Powerful First Preview of THE WHIPPING MAN

We’ve been on a blogging hiatus, what with Passover coming on the heels of the close of NEW JERUSALEM and our Spinozium, and then the intense run up to tech rehearsals, dress rehearsal, and now the very first public performance of our production of Matthew Lopez’s fine and powerful play, THE WHIPPING MAN.  A virtually sold out first preview audience leapt to their feet at the show’s end to shower appreciation on this extraordinary work — and this very special production.

Here are two recent preview features on our production, which is taking place at the same time that Center Stage of Baltimore runs their own quite wonderful, quite different production.

Here’s an interview in DC Theatrescene.

Here’s a feature on both productions in The Forward.

And here’s the Washington Post’s fine review of the CenterStage production.

Eager for your earlier comments!  Share them below, in our Comments section.

4 thoughts on “Powerful First Preview of THE WHIPPING MAN

  1. This semester began with a POW, and ended with a big BANG!

    I thought THE WHIPPING MAN was a fantastic show, I thought it brought out a diverse and talented cast which was a perfect way to end the semester. I would say, that I feel different ways about the various elements of the play.

    Lets start with the special effects:

    Maybe they had nothing to do with the show itself, (as in they were not planned/meant to do this) but the smoke (fog) in the beginning of the play was left on too long and began to make some of the audience sick, I personally had a headache for the beginning part of the show. I would smell each time they lit a match to turn on the civil war era lighting in the houses (which was awesome) but the smell did add to the sensory details, however not sure if it added much. Lastly, the door that was left open made me cold, and I could actually feel it during the curtain call towards the end. Although it could have been because of the A/C that was left on.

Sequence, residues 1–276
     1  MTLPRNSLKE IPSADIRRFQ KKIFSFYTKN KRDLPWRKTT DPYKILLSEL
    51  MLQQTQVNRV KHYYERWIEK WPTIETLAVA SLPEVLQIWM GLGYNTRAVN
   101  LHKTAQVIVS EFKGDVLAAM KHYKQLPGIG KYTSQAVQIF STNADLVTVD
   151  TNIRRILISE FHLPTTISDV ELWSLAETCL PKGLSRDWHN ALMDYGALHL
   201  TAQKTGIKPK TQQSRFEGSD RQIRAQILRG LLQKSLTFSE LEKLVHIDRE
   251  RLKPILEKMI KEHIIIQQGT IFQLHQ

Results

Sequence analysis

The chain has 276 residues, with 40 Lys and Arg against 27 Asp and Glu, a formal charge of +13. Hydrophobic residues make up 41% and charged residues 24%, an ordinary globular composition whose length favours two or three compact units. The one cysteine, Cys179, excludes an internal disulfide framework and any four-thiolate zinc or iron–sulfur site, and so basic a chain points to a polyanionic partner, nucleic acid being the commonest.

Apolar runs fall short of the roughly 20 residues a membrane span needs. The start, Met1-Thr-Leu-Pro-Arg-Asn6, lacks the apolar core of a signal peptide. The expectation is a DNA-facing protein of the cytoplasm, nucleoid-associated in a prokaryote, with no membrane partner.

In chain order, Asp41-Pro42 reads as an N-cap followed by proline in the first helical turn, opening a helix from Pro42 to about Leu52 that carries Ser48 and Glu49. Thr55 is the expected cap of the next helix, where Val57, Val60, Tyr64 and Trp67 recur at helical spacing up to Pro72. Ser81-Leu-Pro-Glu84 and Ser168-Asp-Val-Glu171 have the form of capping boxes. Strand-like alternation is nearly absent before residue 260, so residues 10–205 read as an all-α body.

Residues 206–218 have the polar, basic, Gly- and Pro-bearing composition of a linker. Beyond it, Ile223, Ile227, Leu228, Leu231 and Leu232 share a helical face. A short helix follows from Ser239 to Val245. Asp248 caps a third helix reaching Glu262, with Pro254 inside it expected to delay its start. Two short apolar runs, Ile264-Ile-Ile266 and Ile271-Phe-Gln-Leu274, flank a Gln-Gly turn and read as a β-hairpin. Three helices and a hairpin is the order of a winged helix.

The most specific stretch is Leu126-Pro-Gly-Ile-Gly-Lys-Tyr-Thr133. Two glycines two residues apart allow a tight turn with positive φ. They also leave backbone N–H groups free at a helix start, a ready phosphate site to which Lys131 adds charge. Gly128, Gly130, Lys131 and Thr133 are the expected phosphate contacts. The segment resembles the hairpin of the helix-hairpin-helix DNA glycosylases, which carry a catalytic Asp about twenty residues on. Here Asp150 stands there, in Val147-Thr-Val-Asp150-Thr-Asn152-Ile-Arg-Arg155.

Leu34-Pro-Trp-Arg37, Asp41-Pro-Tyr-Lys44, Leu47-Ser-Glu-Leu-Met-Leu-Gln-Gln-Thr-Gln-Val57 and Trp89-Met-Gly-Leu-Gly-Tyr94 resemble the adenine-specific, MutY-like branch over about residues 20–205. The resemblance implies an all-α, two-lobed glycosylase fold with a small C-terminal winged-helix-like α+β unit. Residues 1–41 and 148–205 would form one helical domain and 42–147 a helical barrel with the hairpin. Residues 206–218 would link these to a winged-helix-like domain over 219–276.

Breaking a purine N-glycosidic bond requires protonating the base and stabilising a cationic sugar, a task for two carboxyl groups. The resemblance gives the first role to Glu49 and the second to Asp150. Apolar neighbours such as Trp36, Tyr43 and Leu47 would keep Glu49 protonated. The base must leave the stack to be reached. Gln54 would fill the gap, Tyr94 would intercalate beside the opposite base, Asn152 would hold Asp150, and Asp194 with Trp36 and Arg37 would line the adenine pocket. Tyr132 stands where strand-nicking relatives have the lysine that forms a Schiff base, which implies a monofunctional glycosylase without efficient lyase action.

out of all the actors, my personal favorite was probably Simon, who had a deep voice, and strong and caring personality. I thought during the beginning of the play when he chose to take care of his “masters son” was more than what John would have done for him. Even though John was really what made everyone laugh, with his new discoveries of household items.

    Overall, I think the play is a good work in progress, and based on the audience reaction, has the potential to be a great masterpiece in the months ahead.

    • Hasan, I love that you talked about all of the effects! I completely agree about the door being left open at the end– I genuinely felt colder and could not help but to think someone did crank the AC just to make us feel the could with the scene. Regardless, I thought it was brilliant. I also loved the rain sound. It did not come off as cheesy or contrived and had the same tone-setting effect that the rainwater had in the skylight of the Time Stands Still set. To add to your comments about the matches, I think that the smell was important, but it also gave the actors an activity with real life outcomes which I really enjoy in a play.

  2. THE WHIPPING MAN was a phenomenal way to end our semester of theatre going! I am a history major and one of my favorite eras is the civil war and reconstruction. Being from Michigan, I get a very pro-union view of the war and have always longed for to sit in on a history class in Atlanta Georgia for a different perspective. The playwright, Matthew Lopez, offers us a window into the post-war experiences of the south, and adds in the faith dimension for an even more complex narrative.